Reviewed by Colin Jacobson (July 12, 2015)
Two legends from the 1970s join forces for a 2015 animated film called Scooby-Doo and Kiss: Rock and Roll Mystery. At a band-themed amusement park called Kiss World, the scary Crimson Witch (voiced by Pauley Perrette) demands “give me rock!”
The park’s authorities call in Mystery Inc. to work on this problem – or so most of the gang thinks. Daphne (Grey Griffin) wants to attend Kiss’s Halloween concert, so she lies to the others about the nature of their mission.
Given the presence of the Crimson Witch, though, the Mystery Inc. members come in handy. Along with the musicians of Kiss themselves, Scooby-Doo (Frank Welker) and his pals attempt to figure out the secret of the park’s haunting.
When I heard of the existence of Rock and Roll Mystery, I thought it was a joke. Sure, Kiss leaders Gene Simmons and Paul Stanley always seem eager and willing to sell any form of Kiss-related product they can imagine, but Kiss as part of a kid-oriented Scooby-Doo cartoon – that couldn’t be real, could it?
As this review attests, it could, and it is. The bizarre nature of the program meant that I just had to give it a look.
Back in their respective heydays, I loved Kiss but I just sort of liked Scooby-Doo. Even during my Saturday morning cartoon-loving childhood in the 70s, Scooby just wasn’t a big favorite of mine. I watched it – crud, I’d have watched a cartoon about mulch if it showed up on Saturday AM – but I never felt especially enchanted by Scooby and the gang.
The characters on display in Mystery owe a lot more to their incarnations in the 2002 live-action movie, though. Mystery presents the personalities and situations in a winking/self-aware manner that echoes the film, so it seems more ironic and witty than the original series. Heck, it even brings back the movie’s Matthew Lillard to play Shaggy.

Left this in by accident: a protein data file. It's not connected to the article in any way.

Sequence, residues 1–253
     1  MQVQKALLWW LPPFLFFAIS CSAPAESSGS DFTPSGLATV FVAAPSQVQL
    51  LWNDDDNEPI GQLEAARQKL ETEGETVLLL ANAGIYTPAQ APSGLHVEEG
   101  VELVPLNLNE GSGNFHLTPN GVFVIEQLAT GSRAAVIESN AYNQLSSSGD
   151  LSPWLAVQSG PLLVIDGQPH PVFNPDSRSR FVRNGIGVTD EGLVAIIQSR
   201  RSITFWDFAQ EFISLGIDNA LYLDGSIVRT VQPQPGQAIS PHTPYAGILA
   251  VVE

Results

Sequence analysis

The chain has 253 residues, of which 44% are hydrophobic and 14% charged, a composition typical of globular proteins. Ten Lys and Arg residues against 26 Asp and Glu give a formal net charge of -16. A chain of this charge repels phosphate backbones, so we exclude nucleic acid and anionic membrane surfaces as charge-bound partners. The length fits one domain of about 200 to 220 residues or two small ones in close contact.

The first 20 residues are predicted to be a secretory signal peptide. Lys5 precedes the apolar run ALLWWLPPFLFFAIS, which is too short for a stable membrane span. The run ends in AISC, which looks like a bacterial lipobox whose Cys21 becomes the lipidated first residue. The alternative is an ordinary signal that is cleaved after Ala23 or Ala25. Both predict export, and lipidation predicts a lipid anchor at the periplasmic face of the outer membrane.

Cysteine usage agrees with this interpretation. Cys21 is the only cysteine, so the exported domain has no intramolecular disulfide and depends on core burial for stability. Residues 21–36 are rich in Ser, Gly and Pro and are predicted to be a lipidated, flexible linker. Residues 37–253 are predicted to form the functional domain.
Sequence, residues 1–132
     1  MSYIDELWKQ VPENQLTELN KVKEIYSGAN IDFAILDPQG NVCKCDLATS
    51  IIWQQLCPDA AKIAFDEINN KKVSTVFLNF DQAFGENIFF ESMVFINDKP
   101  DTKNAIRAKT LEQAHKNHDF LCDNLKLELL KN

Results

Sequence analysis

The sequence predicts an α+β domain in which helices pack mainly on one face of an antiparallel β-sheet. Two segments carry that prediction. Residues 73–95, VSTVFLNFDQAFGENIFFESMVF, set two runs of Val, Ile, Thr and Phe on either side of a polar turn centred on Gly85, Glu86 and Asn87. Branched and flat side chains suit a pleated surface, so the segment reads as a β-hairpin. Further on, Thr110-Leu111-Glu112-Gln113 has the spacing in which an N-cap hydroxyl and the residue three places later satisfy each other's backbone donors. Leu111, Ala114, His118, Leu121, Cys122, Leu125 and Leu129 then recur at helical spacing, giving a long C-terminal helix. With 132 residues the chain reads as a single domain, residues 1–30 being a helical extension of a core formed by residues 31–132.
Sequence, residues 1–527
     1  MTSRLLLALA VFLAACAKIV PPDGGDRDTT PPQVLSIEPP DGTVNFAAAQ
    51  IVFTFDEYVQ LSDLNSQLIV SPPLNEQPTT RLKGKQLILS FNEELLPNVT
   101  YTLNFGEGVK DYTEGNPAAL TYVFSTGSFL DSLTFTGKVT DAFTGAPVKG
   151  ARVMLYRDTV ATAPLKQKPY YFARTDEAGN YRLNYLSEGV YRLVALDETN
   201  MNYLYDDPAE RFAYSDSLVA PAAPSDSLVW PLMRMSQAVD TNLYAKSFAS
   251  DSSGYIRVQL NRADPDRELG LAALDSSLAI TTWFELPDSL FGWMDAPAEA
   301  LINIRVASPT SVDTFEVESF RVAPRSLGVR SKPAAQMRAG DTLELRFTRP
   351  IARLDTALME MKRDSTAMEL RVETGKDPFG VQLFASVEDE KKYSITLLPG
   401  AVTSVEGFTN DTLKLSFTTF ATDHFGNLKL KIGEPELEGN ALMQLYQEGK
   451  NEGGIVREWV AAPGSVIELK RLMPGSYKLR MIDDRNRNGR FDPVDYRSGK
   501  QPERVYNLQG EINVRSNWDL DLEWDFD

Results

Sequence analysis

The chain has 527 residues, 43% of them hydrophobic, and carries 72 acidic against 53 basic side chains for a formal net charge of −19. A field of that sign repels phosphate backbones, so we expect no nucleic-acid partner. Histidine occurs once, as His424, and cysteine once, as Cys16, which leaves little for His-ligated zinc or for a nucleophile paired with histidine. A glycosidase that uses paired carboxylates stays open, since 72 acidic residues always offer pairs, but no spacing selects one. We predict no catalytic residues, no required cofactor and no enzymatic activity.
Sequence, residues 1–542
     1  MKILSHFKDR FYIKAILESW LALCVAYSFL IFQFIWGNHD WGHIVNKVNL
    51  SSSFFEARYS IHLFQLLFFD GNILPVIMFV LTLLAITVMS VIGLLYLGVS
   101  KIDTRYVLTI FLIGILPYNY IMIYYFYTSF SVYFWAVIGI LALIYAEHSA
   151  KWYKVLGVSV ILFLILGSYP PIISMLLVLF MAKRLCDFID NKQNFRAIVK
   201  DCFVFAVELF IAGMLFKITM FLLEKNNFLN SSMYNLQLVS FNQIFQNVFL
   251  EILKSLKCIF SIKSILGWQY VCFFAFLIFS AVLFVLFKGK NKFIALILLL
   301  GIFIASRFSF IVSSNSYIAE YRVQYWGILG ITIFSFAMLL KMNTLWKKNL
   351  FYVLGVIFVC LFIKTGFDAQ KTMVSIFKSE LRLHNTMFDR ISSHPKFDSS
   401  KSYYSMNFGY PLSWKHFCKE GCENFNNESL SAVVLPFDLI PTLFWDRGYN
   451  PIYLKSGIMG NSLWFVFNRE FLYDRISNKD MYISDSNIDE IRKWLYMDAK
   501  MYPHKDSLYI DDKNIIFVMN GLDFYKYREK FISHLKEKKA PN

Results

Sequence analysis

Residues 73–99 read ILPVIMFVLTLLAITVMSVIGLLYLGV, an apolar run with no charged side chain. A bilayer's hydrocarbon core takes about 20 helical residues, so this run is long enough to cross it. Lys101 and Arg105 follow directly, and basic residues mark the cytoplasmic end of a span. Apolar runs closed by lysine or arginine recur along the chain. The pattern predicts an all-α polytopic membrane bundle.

The various forms of self-mockery become the most amusing aspects of Mystery, and these moments aren’t limited to the Mystery Inc. gang. Kiss pokes fun of themselves, especially their tendency to do anything for a buck. Via their manager (Doc McGhee), we see running gags about Kiss merchandise run amok, and a few other similar gags crop up as well. Fans will notice a mix of Kiss-related inside jokes, such as a character named “Shandi Strutter”, a moniker that combines the titles of two Kiss tunes.
Intellectually, I know Mystery exists for no reason other than as product, but doggone it, I think it’s moderately likable product. Does it provide an interesting plot? Nope. Is there anything especially creative about it? Nope. Does it often feel like 79 minutes of promotion for Kiss? Yup.
And the animation bites, too! Despite all those flaws, Mystery still comes with some entertainment value, mainly due to the way in which it never takes itself seriously. In particular, moments unrelated to the titular narrative work best. We never care about the Crimson Witch, but the goofy way in which Mystery Inc. and Kiss interact becomes amusing.
Mystery also comes with a surprisingly strong roster of cameos. Some make sense – like actual Kiss manager McGhee as their cartoon leader – but others come out of left field. Who’d expect both Penny and Garry Marshall in a Scooby-Doo cartoon? Or Darius Rucker?
The movie gives us goofy fun that pokes fun at all involved. Rock and Roll Mystery might be cheap promotion, but it’s still entertaining.